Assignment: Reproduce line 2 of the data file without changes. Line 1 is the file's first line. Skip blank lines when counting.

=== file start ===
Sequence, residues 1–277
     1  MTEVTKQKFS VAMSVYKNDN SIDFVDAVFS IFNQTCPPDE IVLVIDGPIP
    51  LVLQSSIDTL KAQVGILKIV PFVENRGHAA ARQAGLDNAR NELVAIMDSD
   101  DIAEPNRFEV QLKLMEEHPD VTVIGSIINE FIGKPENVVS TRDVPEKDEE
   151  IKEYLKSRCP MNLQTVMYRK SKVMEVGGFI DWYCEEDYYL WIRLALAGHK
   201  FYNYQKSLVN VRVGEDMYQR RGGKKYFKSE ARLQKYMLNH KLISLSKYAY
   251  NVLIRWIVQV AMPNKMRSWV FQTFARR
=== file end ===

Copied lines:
     1  MTEVTKQKFS VAMSVYKNDN SIDFVDAVFS IFNQTCPPDE IVLVIDGPIP